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Imperative Issues and Elusive Solutions in Academic Integrity: A Case Study

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Conference

2016 ASEE Annual Conference & Exposition

Location

New Orleans, Louisiana

Publication Date

June 26, 2016

Start Date

June 26, 2016

End Date

August 28, 2016

ISBN

978-0-692-68565-5

ISSN

2153-5965

Conference Session

Issues in Academic Integrity and the Value of Portfolios, Case Studies, and Supportive Programs

Tagged Division

Graduate Studies

Page Count

21

DOI

10.18260/p.25554

Permanent URL

https://peer.asee.org/25554

Download Count

268

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Paper Authors

biography

Scott R. Hamilton Northeastern University

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Scott Hamilton is the Director of Graduate Professional Development at Northeastern University’s College of Engineering. He is a registered Professional Engineer and has both a MS and PhD in civil engineering and a MS in engineering management from Stanford University and a BS from the United States Military Academy, West Point. He is a retired US Army Corps of Engineers officer who has had assignments in the US, Germany, Korea, and Afghanistan. During his military career he spent over 10 years on the faculty at the US Military Academy at West Point teaching civil engineering. He is a Fellow of ASCE.

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Abstract

Issues in academic integrity: An in-depth examination of a case study

Sessions: 8. Graduate student needs and experience, 10. Best practices in graduate engineering and technology education, or 12. Potpourri

For the past year, I have been teaching multiple sections of a large enrollment, multi-instructor, 1-credit course entitled Career Development for Engineers. This is a required course for graduate engineering students who desire to go on co-op as part of their studies. In the first semester, I noted a large number of cases of plagiarism, which the other instructors also experienced. By the end of the year, we had seen between 10% and 20% of the students having one or more incidents of copying without citation in each semester. This seemed like an abnormally high number of plagiarism cases, especially in a course with short assignments that largely are about the individual student’s own background, experiences, and goals. At a minimum, this seemed worthy of further research and discovery, and raised the question is this an issue about which graduate engineering programs should be concerned?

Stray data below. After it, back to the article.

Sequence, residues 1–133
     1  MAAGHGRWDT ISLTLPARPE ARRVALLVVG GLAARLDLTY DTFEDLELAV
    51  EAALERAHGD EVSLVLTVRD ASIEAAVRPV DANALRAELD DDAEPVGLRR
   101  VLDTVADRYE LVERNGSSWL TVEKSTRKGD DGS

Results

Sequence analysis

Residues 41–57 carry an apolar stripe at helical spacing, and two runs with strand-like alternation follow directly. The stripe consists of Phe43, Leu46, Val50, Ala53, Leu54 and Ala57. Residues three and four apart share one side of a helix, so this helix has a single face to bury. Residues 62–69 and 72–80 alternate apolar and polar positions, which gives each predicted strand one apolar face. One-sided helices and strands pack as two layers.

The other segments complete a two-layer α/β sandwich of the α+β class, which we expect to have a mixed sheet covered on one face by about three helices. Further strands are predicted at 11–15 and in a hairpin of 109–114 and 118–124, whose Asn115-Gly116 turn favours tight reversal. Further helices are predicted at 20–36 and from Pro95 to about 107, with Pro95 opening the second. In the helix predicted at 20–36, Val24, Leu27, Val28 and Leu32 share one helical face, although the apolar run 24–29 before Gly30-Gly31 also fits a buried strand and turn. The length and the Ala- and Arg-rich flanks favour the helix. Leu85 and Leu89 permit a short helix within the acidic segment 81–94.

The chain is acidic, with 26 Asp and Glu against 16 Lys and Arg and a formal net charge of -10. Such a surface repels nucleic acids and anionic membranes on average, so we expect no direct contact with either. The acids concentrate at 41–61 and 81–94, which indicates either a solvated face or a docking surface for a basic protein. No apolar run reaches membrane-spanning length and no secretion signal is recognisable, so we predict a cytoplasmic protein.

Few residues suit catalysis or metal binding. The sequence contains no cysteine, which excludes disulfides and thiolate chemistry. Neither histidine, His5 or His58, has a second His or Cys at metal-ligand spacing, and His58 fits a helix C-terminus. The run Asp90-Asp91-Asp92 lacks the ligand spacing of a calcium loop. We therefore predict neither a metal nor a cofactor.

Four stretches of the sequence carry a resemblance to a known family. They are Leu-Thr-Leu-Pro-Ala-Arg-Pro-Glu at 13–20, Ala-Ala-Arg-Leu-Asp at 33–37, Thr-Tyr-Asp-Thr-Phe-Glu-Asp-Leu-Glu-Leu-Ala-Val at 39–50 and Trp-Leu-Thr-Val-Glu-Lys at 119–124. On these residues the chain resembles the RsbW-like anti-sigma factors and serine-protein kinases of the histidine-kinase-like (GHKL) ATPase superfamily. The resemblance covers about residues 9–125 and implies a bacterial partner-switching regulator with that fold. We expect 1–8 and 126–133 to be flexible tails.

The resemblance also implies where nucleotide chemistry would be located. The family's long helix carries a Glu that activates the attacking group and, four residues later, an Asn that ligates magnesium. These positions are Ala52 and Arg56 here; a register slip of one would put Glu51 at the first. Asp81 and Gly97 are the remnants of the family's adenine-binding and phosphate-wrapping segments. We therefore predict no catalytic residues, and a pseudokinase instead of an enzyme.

This paper looks at the issue of academic integrity, specifically plagiarism, as it affects graduate engineering students in-depth. It does this through both a review of the research on the topic and an in depth analysis of a real life example in a university course, using the experiences in the Career Management for Engineers course as a case study. I attempt to answer the question: should we be concerned with plagiarism in graduate engineering? I look at the demographics of our graduate engineering student population and its trends, largely and increasingly international as well as growing rapidly in size, and compare that to US trends over all in graduate engineering. Through a review of the literature on plagiarism and international students, I explore the complex relationship between the two and share the lessons discovered to help explain and better understand this phenomenon. The results of this discovery are then related to and compared to the types of incidents seen in the specific experiences of the course I am using a as case study in this paper. As part of this study I examined and categorized over 80 cases of plagiarism in this one course, over a two semester period, and compared them to findings from the literature.

In an attempt to examine the broader implications of this case study, a survey was constructed and given to all graduate engineering faculty and students university wide in the Fall of 2015. The survey attempts to ascertain attitudes, experience with, and perceptions of plagiarism as an issue in graduate school. Finally, I take serval lessons from this case study and pose questions to the larger graduate engineering community concerning the issue of plagiarism and graduate engineering students. Based on the literature I make several recommendations concerning the boarder nature of this issue and possible ways to address it, in the belief that other programs may benefit and learn from our experience.

Hamilton, S. R. (2016, June), Imperative Issues and Elusive Solutions in Academic Integrity: A Case Study Paper presented at 2016 ASEE Annual Conference & Exposition, New Orleans, Louisiana. 10.18260/p.25554

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